California Governor Jerry Brown on Tuesday signed legislation that ended money bail in California.
The bill abolishes paying money as a condition of release from jail pre-trial. The money-bail system has been consistently criticized as unfair to low-income people: Unable to afford bail, poorer people were forced to spend more time in prison pre-trial.
Hoping to resolve these inequalities—and compelled by years of activism—state legislators put forward legislation that sought to replace money bail with "risk assessment strategies" in all 58 of California's counties. Brown on Tuesday claimed that the bill ensured that "rich and poor alike are treated fairly."
Risk assessment, as opposed to money bail, represents a variety of strategies courts can use to try to impartially judge the merits of keeping a defendant imprisoned pre-trial (for instance, by considering whether the defendant is a flight risk or threat to public safety).
Originally buoyed by broad support, the legislation lost many key supporters in the final days of its amendment process. In response to amendments that gave judges broad latitude to determine risk, many original public supporters of the bill withdrew their support.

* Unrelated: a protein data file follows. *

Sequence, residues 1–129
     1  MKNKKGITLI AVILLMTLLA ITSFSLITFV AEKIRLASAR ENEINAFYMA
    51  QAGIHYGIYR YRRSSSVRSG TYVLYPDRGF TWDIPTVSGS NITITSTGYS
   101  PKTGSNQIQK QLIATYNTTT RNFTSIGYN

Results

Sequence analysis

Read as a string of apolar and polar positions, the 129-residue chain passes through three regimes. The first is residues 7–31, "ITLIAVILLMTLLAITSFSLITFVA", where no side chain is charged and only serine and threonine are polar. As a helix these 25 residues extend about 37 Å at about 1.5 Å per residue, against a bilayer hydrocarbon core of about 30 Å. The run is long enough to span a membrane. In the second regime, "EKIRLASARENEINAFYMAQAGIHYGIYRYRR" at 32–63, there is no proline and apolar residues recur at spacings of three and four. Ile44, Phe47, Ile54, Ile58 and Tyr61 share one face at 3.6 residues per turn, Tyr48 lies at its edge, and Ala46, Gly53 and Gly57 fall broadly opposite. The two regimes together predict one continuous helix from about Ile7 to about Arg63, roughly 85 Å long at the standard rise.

A week before Brown signed the bill, Erwin Chemerinsky, the dean of the University of California–Berkeley's law school, wrote an op-ed in the Sacramento Bee opposing the bill he had once championed. Though he said he supported ending money bail, Chemerinsky argued that the amended bill would actually increase the number of people forced to stay in prison before their trials and could augment racial injustice. He contended that the bill's language would encourage judges to be overly cautious in extending detentions and could enable their pre-existing racial biases.
Though the bill is steeped in controversy, many public figures praised its passage on Tuesday. "A person's checking account balance should never determine how they are treated under the law," Lieutenant Governor Gavin Newsom said in a statement.